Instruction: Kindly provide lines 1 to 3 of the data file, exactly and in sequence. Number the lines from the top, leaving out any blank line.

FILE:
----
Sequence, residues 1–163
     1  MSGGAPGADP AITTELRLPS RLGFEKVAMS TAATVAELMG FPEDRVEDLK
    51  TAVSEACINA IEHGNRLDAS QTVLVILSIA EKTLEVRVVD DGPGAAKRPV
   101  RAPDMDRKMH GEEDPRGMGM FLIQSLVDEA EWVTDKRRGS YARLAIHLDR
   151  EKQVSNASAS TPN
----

Sequence, residues 1–163
     1  MSGGAPGADP AITTELRLPS RLGFEKVAMS TAATVAELMG FPEDRVEDLK
    51  TAVSEACINA IEHGNRLDAS QTVLVILSIA EKTLEVRVVD DGPGAAKRPV